Justice and Public Safety Minister Judy Manning says she is the victim of “character assassination” in press reports and in social media, and is suggesting that the scrutiny she has endured since entering politics is tied to her gender.

“We have lots of precedent for unelected ministers within Canada and within our own jurisdiction of Newfoundland and Labrador,” Manning said during a taping of On Point with David Cochrane.

'What we don’t have in Newfoundland and Labrador as far as I know is a precedent for an unelected female minister. I don’t know if that’s what’s garnered so much attention here.' - Justice and Public Safety Minister Judy Manning

“What we don’t have in Newfoundland and Labrador as far as I know is a precedent for an unelected female minister. I don’t know if that’s what’s garnered so much attention here.”

In 2011, the last time Newfoundland and Labrador voters went to the polls in a general election, Tory Kathy Dunderdale won a strong majority mandate.

Manning acknowledged that victory, but criticized “social media commentators” and others with “political agendas” for a lack of such support.

On Wednesday, CBC Investigates reported on Manning’s track record in her last provincial government appointment, as a part-time review commissioner for workers compensation appeals.

Manning said her comments on VOCM Thursday morning about “character assassination” were in reference to both that CBC Investigates story, and a broader pattern of other media coverage.

She said the CBC Investigates story “called into question my integrity.”

Manning also questioned whether previous unelected ministers have received similar scrutiny.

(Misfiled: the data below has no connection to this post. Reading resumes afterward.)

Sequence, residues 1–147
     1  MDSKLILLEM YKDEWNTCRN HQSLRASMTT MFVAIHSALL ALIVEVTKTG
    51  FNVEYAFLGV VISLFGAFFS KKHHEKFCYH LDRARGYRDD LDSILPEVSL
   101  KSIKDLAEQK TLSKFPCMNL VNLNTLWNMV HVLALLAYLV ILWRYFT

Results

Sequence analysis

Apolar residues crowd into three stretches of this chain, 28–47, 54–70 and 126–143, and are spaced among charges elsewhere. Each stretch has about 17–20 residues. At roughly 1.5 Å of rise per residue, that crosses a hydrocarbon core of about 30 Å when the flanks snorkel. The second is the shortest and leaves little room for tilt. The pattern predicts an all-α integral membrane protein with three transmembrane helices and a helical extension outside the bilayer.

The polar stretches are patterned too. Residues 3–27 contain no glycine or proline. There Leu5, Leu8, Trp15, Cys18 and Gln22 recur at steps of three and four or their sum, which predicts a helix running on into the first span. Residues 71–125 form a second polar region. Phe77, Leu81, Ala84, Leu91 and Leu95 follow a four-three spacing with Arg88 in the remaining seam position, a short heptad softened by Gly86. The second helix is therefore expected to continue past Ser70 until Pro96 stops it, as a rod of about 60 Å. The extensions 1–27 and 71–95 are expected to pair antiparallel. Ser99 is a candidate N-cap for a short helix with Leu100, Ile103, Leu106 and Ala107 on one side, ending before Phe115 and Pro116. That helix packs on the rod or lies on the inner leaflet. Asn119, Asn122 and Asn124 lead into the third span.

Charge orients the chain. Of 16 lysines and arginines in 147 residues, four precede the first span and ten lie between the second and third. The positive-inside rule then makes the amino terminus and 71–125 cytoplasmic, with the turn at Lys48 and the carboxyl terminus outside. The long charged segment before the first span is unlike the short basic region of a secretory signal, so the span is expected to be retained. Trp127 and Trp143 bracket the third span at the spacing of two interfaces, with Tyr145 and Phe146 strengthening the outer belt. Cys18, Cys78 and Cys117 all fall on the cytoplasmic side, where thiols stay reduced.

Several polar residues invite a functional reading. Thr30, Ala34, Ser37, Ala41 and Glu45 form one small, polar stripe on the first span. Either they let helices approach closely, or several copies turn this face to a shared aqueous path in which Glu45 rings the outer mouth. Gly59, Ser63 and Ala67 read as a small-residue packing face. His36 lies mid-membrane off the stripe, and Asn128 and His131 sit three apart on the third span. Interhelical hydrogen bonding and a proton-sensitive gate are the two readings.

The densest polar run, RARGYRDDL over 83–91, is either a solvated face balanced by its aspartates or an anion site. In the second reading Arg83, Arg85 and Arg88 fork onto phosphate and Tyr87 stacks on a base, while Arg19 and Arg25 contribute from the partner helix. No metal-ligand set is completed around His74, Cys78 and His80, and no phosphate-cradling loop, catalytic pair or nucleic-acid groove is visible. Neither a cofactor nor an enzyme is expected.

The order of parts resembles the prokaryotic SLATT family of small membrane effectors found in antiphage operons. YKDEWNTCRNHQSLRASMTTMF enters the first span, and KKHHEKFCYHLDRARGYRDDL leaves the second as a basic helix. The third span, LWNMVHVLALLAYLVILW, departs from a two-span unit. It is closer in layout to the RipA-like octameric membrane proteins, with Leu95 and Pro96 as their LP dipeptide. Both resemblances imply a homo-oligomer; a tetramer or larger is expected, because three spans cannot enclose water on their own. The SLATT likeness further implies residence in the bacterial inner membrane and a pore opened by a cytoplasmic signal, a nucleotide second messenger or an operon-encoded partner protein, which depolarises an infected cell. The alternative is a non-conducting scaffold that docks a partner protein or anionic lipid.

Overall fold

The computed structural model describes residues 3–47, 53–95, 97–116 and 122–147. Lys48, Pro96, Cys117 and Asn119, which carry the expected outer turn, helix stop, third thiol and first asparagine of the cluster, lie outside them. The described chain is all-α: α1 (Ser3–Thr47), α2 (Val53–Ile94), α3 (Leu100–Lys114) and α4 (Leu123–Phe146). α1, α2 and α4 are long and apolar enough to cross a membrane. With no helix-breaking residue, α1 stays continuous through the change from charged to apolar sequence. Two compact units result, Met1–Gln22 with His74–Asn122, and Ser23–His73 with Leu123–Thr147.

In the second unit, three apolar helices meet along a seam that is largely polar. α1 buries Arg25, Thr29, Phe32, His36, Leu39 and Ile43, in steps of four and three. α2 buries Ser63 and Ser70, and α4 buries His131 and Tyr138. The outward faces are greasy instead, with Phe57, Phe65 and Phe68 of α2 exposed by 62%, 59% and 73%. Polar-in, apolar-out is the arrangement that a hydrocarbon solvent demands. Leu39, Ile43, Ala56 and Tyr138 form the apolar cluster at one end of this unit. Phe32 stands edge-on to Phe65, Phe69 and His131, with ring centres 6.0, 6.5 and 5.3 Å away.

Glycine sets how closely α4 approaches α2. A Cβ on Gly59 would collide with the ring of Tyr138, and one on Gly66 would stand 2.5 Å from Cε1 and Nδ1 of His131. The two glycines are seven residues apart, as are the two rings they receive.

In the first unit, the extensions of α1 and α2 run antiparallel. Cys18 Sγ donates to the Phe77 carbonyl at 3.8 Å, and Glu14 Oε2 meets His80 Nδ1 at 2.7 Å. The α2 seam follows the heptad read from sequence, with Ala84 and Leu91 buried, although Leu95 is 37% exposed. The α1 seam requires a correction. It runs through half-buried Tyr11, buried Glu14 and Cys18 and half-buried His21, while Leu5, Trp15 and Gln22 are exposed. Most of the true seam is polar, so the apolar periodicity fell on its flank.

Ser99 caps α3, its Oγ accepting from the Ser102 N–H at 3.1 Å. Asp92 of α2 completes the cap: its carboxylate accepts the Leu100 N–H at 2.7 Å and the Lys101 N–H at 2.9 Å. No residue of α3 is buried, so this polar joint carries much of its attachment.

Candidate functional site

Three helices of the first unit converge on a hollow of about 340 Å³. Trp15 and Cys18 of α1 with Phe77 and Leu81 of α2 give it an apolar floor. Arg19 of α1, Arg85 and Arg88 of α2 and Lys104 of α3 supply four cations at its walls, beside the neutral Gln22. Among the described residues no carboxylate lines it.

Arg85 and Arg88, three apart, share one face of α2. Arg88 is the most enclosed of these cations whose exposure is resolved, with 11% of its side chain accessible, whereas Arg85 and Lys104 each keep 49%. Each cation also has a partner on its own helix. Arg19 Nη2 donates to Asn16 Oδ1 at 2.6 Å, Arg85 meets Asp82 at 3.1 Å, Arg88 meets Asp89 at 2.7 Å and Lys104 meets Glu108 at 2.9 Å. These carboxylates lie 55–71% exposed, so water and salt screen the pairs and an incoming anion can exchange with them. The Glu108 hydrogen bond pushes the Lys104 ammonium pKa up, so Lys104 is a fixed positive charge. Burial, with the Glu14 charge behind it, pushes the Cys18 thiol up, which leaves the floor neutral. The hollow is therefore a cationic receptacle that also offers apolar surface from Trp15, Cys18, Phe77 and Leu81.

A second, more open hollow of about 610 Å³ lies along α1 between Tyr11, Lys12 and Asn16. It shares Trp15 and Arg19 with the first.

Watch the full episode of On Point with David Cochrane on Saturday, Nov. 1, at 7:30 p.m. NT.

“The level of investigation that’s been levied towards me, I guess it’s unusual,” she noted.

The last unelected minister in the province was Ed Roberts in 1992. At that time, Roberts had a political career spanning decades, including a stint as Liberal leader and Opposition leader.

Manning also referenced other politicians in the Smallwood era, including John Crosbie, who was deputy mayor of St. John’s when he took an unelected cabinet post in 1966.

Specific criticisms of story

Manning made a number of specific criticisms of the CBC Investigates story, saying it did not refer to her submission of a draft decision for one of her 19 workers compensation appeal cases in early August.

Manning did not disclose that information in the interview.

She also contended that she was surprised by the focus of the interview, thinking it would be about general delays in the system and not her role as review commissioner.

However, the Oct. 24 email from CBC asking for the interview stated this: “I am working on a story about Minister Manning's previous role with the Workplace Health, Safety and Compensation Review Division (WHSCRD). My specific areas of inquiry are the number of cases she handled in that role, the number of reports she filed, and what happens to cases she did not complete.”

Manning continues to feel she was unfairly targeted. She says she did not hear back from the chief review commissioner after submitting that early August report, and needed that response to use as a template for subsequent work.

'Did I break the system in the three months that I heard hearings? No. I have great empathy for the people that are going through this process, and I understand the frustration that’s emerged with the delays, but am I the author of those delays? Absolutely not.' - Justice and Public Safety Minister Judy Manning

And she says she continued to write draft decisions, in fact submitting a second one not long after becoming attorney general before it was determined that her cabinet position could present problems.

“Did I break the system in the three months that I heard hearings? No. I have great empathy for the people that are going through this process, and I understand the frustration that’s emerged with the delays, but am I the author of those delays? Absolutely not,” she said.

Manning acknowledged there has been pressure associated with the controversy her appointment has generated.

“I intend to do my very best to shine for the people of Newfoundland and Labrador,” she said.

“I understand that this is an incredible privilege that I have been granted.”